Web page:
American Thinker | Lee Cary | July 4, 2008

We the people metaphorically dodged a bullet when the Supreme Court ruled 5-4 that the Second Amendment is still alive. While many of us celebrated, we were also dismayed by the thin margin of freedom’s victory.

But that should not surprise us. There have been close calls in the past. And there will be others in the future, because, as once the Liberty Bell cracked soon after it was hung, so too, from time-to-time, freedom itself hangs by the thin margin of one vote. [Read more…]


Why we’re losing our right to speak out

Christian Examiner online | Chuck Colson | June 2008

Do you want to talk about traditional values on a college campus? Or do you want to speak out against same-sex “marriage”? You may have to enter the Whisper Zone. David Woodard is a political science professor at Clemson University—one who has first-hand experience on how dangerous it can be to speak out in favor of traditional values: He almost lost his job over it. [Read more…]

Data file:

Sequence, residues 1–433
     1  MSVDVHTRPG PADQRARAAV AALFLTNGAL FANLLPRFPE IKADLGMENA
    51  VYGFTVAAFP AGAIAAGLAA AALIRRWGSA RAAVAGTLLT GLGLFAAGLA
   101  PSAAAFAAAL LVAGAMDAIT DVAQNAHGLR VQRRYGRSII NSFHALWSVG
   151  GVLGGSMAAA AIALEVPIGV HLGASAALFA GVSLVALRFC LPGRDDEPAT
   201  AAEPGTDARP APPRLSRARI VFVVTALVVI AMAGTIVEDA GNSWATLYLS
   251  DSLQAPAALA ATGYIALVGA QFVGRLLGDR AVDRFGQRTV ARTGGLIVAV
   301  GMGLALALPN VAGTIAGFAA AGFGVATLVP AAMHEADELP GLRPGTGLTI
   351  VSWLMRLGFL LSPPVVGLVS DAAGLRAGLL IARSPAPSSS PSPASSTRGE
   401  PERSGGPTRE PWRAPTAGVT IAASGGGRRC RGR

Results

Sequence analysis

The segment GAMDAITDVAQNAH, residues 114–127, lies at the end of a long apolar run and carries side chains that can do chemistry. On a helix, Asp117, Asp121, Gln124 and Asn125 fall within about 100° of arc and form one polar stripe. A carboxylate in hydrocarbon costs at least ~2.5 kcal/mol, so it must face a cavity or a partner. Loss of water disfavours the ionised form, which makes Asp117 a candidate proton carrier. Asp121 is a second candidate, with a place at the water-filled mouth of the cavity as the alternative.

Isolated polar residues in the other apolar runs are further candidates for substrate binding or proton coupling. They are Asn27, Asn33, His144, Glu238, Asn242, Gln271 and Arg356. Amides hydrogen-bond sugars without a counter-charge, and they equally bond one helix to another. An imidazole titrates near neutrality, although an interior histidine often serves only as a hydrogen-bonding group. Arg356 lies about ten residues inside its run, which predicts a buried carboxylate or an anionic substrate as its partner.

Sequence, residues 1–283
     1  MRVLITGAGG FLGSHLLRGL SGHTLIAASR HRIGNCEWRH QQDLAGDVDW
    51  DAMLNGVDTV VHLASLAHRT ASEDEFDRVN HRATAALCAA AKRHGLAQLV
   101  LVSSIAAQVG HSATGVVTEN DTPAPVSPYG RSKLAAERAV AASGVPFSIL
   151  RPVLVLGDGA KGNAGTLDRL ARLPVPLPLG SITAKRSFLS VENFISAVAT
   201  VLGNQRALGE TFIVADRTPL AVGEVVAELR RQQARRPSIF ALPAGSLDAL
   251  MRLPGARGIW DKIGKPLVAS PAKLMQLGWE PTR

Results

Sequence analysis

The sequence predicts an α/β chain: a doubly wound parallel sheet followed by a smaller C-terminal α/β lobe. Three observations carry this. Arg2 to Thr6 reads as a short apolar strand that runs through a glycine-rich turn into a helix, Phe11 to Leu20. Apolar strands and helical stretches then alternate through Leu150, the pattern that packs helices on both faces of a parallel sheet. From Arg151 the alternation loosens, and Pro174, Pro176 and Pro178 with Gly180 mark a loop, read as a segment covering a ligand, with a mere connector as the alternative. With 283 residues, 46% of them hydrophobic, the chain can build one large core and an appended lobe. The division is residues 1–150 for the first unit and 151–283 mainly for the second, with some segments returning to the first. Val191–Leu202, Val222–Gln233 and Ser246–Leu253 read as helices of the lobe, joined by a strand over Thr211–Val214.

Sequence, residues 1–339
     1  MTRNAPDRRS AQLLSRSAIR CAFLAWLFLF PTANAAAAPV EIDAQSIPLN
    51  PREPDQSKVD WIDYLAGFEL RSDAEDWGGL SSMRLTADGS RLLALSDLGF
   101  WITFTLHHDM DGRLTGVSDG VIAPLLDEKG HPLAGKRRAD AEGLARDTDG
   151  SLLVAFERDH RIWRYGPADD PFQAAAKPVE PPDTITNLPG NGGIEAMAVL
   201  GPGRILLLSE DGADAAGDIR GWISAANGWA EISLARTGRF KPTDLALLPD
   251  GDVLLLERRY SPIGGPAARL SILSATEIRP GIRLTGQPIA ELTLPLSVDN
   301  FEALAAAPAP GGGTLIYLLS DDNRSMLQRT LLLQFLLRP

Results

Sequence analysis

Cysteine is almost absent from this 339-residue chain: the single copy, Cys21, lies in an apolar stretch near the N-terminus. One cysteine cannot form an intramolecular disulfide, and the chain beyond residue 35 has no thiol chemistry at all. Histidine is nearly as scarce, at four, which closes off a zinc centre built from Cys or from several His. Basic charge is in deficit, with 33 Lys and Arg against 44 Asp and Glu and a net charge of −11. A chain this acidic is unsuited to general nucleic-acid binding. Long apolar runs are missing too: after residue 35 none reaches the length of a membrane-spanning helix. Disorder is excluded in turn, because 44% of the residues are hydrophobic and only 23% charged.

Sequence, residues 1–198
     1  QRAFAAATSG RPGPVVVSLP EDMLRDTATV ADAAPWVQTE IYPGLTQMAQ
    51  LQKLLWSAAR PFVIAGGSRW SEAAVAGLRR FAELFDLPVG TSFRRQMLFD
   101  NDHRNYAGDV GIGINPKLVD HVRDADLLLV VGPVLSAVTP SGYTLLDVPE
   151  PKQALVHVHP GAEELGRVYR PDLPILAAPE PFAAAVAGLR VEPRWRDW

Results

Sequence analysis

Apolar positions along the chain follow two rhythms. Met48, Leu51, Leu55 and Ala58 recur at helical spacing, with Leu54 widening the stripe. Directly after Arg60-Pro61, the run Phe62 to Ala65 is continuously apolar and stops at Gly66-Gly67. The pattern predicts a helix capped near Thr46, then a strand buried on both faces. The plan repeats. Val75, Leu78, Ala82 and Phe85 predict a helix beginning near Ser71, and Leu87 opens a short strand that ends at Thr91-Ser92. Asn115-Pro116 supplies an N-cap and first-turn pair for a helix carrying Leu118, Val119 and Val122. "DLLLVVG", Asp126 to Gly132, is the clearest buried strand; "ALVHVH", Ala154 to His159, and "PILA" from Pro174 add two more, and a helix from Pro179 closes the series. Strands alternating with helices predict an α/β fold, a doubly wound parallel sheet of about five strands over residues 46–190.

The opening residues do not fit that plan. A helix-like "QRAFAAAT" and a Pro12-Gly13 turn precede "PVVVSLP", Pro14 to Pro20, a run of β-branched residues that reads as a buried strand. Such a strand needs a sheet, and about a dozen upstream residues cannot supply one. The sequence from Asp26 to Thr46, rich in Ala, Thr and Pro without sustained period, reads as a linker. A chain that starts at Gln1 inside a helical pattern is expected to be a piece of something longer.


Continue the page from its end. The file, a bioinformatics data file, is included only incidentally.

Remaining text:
Why Do We Call Them ‘Democrats’?

American Thinker | Lance Fairchok | Jun. 21, 2008

We all knew it even though Democrat spokespersons denied it. Worried that the negative connotations would affect their electability and their eyes glued to the capricious winds of public opinion, they invented new words for the old ideology such as progressivism and communitarianism. Apparently, the camouflage is no longer needed. The masks are off. They now openly call for the nationalization of private business, the establishment of universal entitlements and increased taxation to pay for them. Why worry about socialist labels? The electorate is complacent, prosperity has numbed our senses and the left has worked diligently for many years to sap our national pride and deface our self-image. [Read more…]